Adams Accuses Abbott Of Targeting Cities With Black Mayors

New York City Mayor Eric Adams (D), when asked about building shelters for asylum seekers during a recent interview, accused Gov. Greg Abbott (R-TX) of trying to undermine cities with black mayors by busing migrants to New York City, Chicago, and Washington D.C.

Abbott has contended since the bussing began in April that the sole purpose was to call attention to the need for help at the border from the federal government.

Abbott’s Press Secretary, Renae Eze said, “President Biden’s reckless open border policies have created an ongoing crisis. Until President Biden and Congress do their jobs and secure our southern border, Texas will continue utilizing every strategy to address this border crisis and protect Texans.”

Abbott continues to hold firm in the fact that he will continue to send migrants out of Texas to both call Biden to send help and to provide some immediate relief from the 2.2 million people who are being encountered on the border every year.

Adams echoed very similar sentiments recently when asked about the migrants coming into his city. When discussing the problem, he said, “This is a national problem, it needs a national response. And that is why we call on Washington to respond to this on a national level. This differs from the everyday shelter system. This is a migrant crisis, and we must focus on that. Everyone that comes to this city — we are going to ensure that we fulfill our obligation of getting them housing. But this is a migrant humanitarian crisis that we are facing.”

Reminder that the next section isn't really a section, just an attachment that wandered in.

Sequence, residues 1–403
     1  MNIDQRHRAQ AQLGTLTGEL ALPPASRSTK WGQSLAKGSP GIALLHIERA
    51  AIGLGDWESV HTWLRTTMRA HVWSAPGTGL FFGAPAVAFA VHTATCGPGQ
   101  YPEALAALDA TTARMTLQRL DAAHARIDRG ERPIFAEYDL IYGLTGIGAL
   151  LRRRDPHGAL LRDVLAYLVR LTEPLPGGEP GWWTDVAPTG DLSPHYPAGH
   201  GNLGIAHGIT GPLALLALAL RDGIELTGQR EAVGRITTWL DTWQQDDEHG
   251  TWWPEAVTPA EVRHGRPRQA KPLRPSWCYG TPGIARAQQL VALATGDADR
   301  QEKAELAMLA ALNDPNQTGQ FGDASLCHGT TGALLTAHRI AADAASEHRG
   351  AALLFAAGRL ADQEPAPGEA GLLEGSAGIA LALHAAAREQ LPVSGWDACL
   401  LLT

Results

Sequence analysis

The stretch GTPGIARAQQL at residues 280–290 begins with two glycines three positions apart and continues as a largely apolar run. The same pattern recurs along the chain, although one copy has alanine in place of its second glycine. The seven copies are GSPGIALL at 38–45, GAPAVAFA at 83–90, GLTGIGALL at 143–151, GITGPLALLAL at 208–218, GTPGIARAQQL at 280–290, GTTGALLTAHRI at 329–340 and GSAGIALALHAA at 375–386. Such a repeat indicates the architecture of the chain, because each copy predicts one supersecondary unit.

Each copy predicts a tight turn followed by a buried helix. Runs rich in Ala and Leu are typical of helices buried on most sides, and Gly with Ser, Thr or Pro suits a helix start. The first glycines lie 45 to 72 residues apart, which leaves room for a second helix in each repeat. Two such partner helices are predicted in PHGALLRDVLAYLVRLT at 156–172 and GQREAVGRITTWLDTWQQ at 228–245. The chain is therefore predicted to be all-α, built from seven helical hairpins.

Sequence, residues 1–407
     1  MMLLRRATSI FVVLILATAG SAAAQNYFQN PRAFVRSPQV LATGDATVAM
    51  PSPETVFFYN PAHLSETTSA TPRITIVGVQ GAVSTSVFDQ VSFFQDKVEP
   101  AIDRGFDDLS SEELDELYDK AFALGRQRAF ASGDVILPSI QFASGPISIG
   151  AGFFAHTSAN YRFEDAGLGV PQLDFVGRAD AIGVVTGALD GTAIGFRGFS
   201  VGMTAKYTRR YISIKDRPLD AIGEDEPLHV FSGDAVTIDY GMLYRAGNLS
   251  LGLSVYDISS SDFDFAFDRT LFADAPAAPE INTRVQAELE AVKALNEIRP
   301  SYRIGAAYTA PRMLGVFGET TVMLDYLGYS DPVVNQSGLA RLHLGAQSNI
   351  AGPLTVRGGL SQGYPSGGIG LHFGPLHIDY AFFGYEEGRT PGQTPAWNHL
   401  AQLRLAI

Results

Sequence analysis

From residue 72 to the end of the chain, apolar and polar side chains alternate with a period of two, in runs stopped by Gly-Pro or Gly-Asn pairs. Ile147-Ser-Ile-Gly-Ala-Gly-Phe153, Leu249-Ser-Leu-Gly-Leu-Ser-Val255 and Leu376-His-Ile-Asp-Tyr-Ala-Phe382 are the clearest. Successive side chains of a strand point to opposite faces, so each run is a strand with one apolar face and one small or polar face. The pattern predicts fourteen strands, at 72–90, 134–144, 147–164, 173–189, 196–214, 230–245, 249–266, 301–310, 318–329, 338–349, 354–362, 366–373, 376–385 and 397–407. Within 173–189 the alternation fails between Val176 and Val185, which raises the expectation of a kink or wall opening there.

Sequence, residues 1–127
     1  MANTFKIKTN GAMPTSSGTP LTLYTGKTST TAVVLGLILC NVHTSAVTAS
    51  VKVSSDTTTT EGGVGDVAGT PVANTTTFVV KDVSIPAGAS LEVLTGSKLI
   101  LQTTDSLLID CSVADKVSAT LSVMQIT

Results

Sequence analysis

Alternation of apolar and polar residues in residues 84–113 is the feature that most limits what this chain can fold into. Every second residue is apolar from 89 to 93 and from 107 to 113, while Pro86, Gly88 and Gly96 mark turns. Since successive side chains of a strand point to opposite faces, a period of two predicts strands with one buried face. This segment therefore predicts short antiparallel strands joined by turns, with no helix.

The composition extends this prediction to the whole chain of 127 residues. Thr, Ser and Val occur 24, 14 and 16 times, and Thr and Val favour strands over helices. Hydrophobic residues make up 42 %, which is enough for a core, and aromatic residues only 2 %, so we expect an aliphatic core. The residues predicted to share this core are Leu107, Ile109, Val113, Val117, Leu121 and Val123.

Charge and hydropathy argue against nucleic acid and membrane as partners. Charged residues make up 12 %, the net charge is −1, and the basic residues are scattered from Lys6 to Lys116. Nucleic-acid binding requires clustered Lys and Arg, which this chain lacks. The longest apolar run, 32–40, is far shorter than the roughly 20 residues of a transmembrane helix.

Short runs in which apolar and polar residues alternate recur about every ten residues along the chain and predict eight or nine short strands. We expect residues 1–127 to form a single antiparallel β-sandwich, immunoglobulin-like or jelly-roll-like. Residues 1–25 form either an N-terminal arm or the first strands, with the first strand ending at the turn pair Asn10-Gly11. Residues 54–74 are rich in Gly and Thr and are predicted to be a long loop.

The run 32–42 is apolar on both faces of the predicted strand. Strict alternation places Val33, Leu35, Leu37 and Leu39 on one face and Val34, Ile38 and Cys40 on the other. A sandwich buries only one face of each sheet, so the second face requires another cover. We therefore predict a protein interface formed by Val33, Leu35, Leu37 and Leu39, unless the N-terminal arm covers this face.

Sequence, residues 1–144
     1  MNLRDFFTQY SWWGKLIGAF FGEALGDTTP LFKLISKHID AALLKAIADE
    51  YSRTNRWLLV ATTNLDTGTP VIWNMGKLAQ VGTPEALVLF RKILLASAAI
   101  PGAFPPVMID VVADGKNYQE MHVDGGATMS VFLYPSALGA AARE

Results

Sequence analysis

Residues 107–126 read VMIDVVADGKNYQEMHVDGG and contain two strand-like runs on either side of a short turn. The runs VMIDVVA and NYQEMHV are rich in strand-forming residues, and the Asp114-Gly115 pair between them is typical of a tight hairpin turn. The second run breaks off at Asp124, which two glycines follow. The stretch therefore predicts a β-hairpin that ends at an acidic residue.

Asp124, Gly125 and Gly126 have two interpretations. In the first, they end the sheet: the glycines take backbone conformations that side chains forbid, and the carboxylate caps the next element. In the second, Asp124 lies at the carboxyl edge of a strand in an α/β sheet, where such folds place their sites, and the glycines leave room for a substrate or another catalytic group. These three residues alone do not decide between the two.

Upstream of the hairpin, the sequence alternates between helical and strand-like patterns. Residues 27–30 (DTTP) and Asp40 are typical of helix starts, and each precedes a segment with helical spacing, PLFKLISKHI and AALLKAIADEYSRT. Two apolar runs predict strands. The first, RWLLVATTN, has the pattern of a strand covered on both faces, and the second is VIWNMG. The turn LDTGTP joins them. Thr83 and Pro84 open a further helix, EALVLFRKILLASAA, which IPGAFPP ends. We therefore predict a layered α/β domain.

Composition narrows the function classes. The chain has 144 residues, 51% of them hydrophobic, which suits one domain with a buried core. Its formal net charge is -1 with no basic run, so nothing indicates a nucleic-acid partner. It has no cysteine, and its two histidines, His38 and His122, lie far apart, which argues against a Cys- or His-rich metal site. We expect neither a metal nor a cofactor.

When Abbott sends a fraction of the migrants entering his state, less than 30,000 out of more than 2 million, to New York City, essentially begging for federal aid, Adams calls him a racist.

When Adams has to potentially house 4,000 migrants for a few weeks, he validates himself by doing the same thing Abbott is doing, begging for federal aid.

Adams was asked directly, “You think these cities are being targeted, including New York, because they have Black mayors?”

He replied, “Well, I don’t know if it’s Black mayors or if it’s just going to northern cities, but something is wrong. I mean, we have thousands of cities in this country. Why are we specifically targeting Washington, Chicago, and New York? There’s something wrong with that and I believe there needs to be a national response to give the assistance to these three important cities in our country.”

In Adams’ last sentence, it appears that the “importance” of those three cities eclipses the importance of the border towns in Texas.